The bus shelter was just up ahead. Her and Sharon used to scramble down the bank behind it to the river. A boardwalk had been built across the bank and a circular lookout looped around. She crossed the road and walked out to the farthest point. The river’s pickled tang sheeted up; she hadn’t smelt that fragrance for years. Muscular currents were braiding and unbraiding, relentless – even in the shallows she could see the water slithering through stones hissing with busyness. One afternoon, she’d stared at the river for so long it was no longer an expanse of water; it was a creature – a vast eel with rippling skin. She’d been frightened of eels ever since. Sharon would freak her out saying they oozed out of the river at night and climbed up the bank to her house. Once, Patsy found a dead elver, its body a leathery sock, its eye a pecked-out hole. “What kills little eels?” she’d asked her father. “Bigger ones,” he’d laughed.
A broken-off branch sailed past and its wake glittered, slicing like memory, like the eyes of the hatchlings. She’d been swinging off a tree branch when it snapped and a nest smashed to the ground. Pairs of sun-pricked eyes stared up at her. She should have put them out of their misery, instead she’d turned to stone as life twitched out of them. The mother bird circled the tree shrieking until night fell. Another, deeper memory of sharp eyes began to slice through. Patsy spun away. The sun was so strong against her back she felt x-rayed. She was a glass eel, she’d said when the doctor showed her the image of her organs clearly defined in a gin-coloured body.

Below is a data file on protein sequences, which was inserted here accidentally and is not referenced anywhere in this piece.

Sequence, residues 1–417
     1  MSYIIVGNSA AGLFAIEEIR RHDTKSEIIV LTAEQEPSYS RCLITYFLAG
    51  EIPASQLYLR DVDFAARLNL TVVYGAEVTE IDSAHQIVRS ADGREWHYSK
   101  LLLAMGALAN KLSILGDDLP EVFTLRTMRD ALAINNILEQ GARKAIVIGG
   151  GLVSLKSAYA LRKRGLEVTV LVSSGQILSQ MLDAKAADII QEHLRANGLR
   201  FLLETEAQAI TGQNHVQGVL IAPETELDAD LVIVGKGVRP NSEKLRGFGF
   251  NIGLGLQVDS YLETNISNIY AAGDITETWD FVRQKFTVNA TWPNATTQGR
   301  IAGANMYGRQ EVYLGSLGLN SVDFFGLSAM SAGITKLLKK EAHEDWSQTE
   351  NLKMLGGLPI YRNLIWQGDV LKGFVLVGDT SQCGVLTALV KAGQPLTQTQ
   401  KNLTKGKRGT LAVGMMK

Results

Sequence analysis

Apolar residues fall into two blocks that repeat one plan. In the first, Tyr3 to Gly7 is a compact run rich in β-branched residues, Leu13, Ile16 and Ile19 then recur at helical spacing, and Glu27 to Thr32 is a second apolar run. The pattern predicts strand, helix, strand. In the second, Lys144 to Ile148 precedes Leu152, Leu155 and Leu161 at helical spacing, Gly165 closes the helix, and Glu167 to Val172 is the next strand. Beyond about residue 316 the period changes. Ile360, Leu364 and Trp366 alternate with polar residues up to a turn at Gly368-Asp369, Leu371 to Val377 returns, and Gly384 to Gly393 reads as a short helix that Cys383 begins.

She pulled her trolley bag across the road and headed to Sharon’s. A skip was parked on the verge outside, it was full, the legs of an upside-down chair poked out. Huge orange cosmos plants grew in the front garden, stalks spidering out in all directions like tumble weeds.
The door opened and there she was – looking just the same and also completely different. They stood there smiling at each other. Sharon was much broader and her faced deeply tanned and lined.
Sharon suddenly put her arms around her and lifted her off her feet. “Make yourself at home,” she said, “I’ll make a pot of tea.”